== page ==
Crawford, Leo (1903–73), trade union leader, was born 1 December 1903 at 2 Grattan Place, Dublin, son of John Crawford, plasterer, and Annie Crawford (née Molloy). Educated at Westland Row CBS, he followed his father's trade as an apprentice plasterer in 1918. Accustomed to hardship, he migrated temporarily to the English midlands during a ten-month strike in 1919–20 and again in 1925, when work in Ireland was scarce. After a lengthy lock-out strike in 1931 he embraced trade unionism, becoming familiar with its leading figures, notably with both James Larkin (qv), estranged founder of the ITGWU, and its then general secretary, William O'Brien (qv). As the mutual hostility of these leaders (Larkin was now general secretary of the rival WUI) precipitated a deeper split in Irish labour, Crawford was active in his own union, the Operative Plasterers' and Allied Trades' Society of Ireland. In this small though vital element of the building trade unions, militant, Dublin-based, independent, and without obligations to affiliated or amalgamated British-based unions, Leo Crawford, himself a noted militant, flourished on the executive.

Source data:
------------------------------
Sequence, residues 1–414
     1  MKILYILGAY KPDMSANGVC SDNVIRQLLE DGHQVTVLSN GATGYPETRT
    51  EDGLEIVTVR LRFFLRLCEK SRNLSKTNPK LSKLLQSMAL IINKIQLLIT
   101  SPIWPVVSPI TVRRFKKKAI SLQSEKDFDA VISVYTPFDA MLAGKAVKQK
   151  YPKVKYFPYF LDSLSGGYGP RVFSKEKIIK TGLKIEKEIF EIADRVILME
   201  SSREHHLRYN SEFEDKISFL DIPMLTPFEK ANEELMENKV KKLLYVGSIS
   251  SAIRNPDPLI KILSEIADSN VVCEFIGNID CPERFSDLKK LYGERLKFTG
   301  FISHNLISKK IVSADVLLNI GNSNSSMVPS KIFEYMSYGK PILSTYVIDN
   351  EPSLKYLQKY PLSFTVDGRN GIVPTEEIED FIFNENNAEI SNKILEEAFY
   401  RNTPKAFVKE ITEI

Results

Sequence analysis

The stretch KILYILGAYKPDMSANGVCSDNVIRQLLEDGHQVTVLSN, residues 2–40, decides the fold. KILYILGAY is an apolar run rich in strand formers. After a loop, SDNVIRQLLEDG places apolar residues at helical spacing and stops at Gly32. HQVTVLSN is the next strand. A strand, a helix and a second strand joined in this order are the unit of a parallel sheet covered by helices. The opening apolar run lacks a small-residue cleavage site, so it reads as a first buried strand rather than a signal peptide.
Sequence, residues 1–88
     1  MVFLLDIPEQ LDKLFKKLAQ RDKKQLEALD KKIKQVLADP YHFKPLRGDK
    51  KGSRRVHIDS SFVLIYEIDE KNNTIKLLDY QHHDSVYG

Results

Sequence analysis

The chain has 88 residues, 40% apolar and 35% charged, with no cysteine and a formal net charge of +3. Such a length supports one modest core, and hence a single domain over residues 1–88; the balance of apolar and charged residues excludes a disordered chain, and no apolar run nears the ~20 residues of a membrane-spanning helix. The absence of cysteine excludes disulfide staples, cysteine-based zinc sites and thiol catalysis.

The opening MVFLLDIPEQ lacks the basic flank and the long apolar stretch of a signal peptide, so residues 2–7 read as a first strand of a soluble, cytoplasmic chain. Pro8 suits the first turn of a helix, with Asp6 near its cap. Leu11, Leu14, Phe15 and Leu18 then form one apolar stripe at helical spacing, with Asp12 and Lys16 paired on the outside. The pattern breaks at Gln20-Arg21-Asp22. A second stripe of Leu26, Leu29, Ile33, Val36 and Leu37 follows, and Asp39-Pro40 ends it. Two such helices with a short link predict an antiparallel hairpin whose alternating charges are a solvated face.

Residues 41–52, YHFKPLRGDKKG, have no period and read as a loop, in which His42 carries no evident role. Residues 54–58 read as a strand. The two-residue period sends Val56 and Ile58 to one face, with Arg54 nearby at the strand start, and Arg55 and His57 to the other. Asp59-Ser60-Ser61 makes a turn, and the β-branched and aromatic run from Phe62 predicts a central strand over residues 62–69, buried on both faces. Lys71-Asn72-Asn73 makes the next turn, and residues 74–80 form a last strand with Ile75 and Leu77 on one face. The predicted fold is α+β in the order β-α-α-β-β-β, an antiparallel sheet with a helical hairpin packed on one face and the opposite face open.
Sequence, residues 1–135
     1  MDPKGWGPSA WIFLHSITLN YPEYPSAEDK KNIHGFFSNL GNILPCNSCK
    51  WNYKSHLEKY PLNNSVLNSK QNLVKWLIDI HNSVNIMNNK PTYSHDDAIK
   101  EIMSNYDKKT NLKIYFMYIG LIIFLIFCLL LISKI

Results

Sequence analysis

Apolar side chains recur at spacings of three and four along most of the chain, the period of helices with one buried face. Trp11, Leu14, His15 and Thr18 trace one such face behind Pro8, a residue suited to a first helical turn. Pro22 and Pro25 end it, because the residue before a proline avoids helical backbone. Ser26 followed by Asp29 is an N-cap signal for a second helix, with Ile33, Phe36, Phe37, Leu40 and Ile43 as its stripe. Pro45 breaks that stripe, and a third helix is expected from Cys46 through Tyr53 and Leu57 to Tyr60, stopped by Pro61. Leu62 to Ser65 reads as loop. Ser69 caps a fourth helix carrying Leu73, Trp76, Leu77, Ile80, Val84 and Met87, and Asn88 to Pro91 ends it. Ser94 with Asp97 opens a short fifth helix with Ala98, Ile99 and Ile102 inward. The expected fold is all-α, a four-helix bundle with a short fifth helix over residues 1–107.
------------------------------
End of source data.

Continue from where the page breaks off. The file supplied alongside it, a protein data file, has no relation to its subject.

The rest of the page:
By 1939 he was president both of his own union and of the Dublin trades council, as well as the joint council for the building industry (Dublin). During the 1940s he became increasingly trenchant, typically in his hostile response to the Trade Union Act, 1941. Since as early as 1936, there had been a government plan to impose legislative control on trade union proliferation with the abolition of fragmented union representation within individual trades. The 1941 act anticipated a one-trade, one-union solution by a wartime administration weary of drawn-out ITUC wrangling, but it was a solution Crawford refused to recognise. Like James Larkin, who at a large labour demonstration in Dublin (28 June 1941) actually burned a copy of the preparatory bill, he vehemently opposed state intervention, including a proposed three-man tribunal (ruled unconstitutional in 1946) to decide which large union would represent a trade, and a negotiating licence for each union so recognised. William O'Brien, president of Congress for 1940–41, agreed with the act as an inevitable step towards reforming the unions. However, with the added blow of a national wage freeze in time of war, Congress as a whole and Crawford in particular remained hostile, as O'Brien reluctantly concurred with majority feeling, furious at Larkin's radical influence.